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Business profile: Osceola Operations LLC

Osceola OperationsHOLLYWOOD Joe Osceola Jr. created Osceola Operations LLC in 2005 to do business with the Hard Rock in Tampa. Now his company, which specializes in the hospitality industry, is busier than ever selling items to all the Hard Rock Hotels, Tribal casinos and restaurants.

“Getting into the Hard Rock was very hard,” Joe said. “They had their business relationships already; no one likes change. There was a lot of competition.”

There is still competition, but as a Tribal vendor Osceola Operations gets first right of refusal for jobs, submits bids for projects along with non-Tribal vendors and has the opportunity to get a lot of work.

The company supplies items for guest rooms, public spaces, restaurants and casinos. They have seven brand standards in place – meaning that to refurbish the supply, the hotel must go through Osceola Operations – but the company strives to add more. Those items include flat-screen televisions, iHome clock radios, box springs and mattresses, bathroom amenities and TeleAdapt wireless technology for cable and Wi-Fi.

“Thanks to the Purchasing Department, a lot more jobs are being bid out,” said Jody Osceola, who works with her father, Joe. “We work hard to get the jobs. You work within the guidelines you are given and hope to do your best.”

Getting the job means getting the best price for the client, whether it’s the hotel, casino, restaurant or other business. To do that, Osceola Operations attends trade shows nationwide in search of sources for items and for meeting with manufacturers’ representatives.

“Sourcing the stuff is the hard part,” Jody said. “We try to source our products as closely to the manufacturer as possible to keep the prices down. We’re always looking for more sources.”

Competition is fierce and grows every year. The company competes against non-Tribal vendors, mainstream retailers and Tribal vendors, and their challenges include getting the best price for the Tribe and meeting their deadlines.

“Whatever anybody wants, we can find it,” Joe said. “We try to go straight to the factory and stay away from the middleman.”

Other businesses not affiliated with the Tribe often find Osceola Operations. The company will do business with anyone but does not aggressively seek mainstream retail clients. They conduct most business via email and other online communication.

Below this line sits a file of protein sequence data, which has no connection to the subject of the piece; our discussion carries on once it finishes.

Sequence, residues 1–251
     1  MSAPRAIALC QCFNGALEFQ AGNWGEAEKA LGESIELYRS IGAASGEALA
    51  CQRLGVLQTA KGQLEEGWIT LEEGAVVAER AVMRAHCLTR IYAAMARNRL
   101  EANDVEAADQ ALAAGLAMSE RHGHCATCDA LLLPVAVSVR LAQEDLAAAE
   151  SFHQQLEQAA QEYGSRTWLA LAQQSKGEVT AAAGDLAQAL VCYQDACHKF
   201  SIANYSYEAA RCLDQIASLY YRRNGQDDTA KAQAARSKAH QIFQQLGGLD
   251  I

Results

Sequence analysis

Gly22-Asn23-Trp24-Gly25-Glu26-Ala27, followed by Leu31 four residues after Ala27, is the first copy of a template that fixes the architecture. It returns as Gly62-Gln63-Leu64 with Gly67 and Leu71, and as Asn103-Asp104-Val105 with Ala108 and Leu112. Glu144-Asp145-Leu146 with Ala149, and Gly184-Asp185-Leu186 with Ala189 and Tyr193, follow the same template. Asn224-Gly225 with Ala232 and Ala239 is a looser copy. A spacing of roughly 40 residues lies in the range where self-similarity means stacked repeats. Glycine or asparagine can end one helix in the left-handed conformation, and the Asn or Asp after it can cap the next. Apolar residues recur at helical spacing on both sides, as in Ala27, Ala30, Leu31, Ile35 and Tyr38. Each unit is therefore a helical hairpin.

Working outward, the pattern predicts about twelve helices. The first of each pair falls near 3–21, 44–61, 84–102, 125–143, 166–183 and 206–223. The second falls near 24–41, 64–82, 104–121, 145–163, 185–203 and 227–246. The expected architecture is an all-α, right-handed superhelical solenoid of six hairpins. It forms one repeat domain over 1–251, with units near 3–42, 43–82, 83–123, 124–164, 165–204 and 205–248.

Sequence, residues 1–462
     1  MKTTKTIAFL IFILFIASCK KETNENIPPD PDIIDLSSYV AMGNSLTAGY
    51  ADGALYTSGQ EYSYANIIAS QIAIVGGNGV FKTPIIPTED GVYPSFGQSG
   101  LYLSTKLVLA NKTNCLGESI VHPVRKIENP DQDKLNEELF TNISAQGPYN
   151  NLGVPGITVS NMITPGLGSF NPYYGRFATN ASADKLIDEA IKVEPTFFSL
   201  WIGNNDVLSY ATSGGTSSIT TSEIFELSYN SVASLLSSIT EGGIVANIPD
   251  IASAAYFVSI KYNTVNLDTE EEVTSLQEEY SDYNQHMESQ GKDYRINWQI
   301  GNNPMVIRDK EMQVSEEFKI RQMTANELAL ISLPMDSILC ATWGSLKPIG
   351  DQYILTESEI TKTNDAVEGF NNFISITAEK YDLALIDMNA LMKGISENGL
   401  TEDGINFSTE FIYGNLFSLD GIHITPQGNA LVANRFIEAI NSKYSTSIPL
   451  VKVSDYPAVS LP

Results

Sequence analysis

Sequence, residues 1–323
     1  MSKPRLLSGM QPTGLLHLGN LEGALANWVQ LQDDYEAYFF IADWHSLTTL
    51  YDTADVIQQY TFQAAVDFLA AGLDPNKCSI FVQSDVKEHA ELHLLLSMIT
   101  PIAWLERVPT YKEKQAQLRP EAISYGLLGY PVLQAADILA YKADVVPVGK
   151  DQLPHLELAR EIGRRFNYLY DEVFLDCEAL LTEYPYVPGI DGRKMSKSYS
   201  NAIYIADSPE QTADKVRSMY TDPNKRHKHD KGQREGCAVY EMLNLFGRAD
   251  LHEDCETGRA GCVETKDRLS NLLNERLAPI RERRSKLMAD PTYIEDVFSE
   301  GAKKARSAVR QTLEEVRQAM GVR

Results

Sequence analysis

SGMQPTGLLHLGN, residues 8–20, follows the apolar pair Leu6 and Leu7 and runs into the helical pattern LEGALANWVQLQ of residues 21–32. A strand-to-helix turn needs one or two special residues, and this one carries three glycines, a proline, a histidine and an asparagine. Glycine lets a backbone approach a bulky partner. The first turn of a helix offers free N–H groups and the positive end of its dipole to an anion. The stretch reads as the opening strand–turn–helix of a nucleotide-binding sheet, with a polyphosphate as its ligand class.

“We’ve constructed whole projects without picking up the phone,” Jody said.

The Osceolas envision the company expanding over the next few years.

Joe is interested in light-emitting diode (LED) lights and is talking to Hard Rock about replacing their expensive, heat-producing halogen lights with more energy efficient LEDs. Another business opportunity in that field has Joe in talks with a Chinese company about opening a factory on a reservation.

“We would like the Chinese company to come here to any reservation, any Tribe,” Joe said. “It would be under the umbrella of Osceola Operations no matter where it is located. I also see a future in solar panel farms. A lot is going on; we can’t just stop at one thing.”

Jody wants to expand the rapidly growing company but knows that doing so will require more money.

She is investigating federal loan programs for Native Americans through the Bureau of Indian Affairs, Small Business Administration and the Department of the Interior. She believes that Osceola Operations can expand to businesses throughout Indian Country and that utilizing their Native American status for funding will be key to future growth.

“The best thing is watching the business grow; having my daughter work with me is a big plus,” Joe said. “I don’t know what is going to come tomorrow, but we keep looking and keep going.”

“I would have come on board a lot sooner had I know how great it is,” added Jody, who started working at the company about a year ago. “Working and learning from my dad has been so rewarding personally. On the business side, getting to work with the Tribe and contribute to its growth and prosperity is important to me.”

Osceola Operations can be reached at



Beverly Bidney
Beverly Bidney has been a reporter and photographer for The Seminole Tribune since 2012. During her career, she has worked at various newspapers around the country including the Muskogee Phoenix in Oklahoma, Miami Herald, Associated Press, USA Today and other publications nationwide. A NAJA award winning journalist, she has covered just about everything over the years and is an advocate for a strong press. Contact her at